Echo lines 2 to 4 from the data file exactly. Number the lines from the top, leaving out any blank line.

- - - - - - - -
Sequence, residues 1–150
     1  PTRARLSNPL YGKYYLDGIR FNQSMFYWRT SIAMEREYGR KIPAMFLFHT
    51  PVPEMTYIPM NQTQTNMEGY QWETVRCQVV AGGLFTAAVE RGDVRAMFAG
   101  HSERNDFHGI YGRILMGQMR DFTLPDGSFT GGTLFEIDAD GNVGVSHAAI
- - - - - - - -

     1  PTRARLSNPL YGKYYLDGIR FNQSMFYWRT SIAMEREYGR KIPAMFLFHT
    51  PVPEMTYIPM NQTQTNMEGY QWETVRCQVV AGGLFTAAVE RGDVRAMFAG
   101  HSERNDFHGI YGRILMGQMR DFTLPDGSFT GGTLFEIDAD GNVGVSHAAI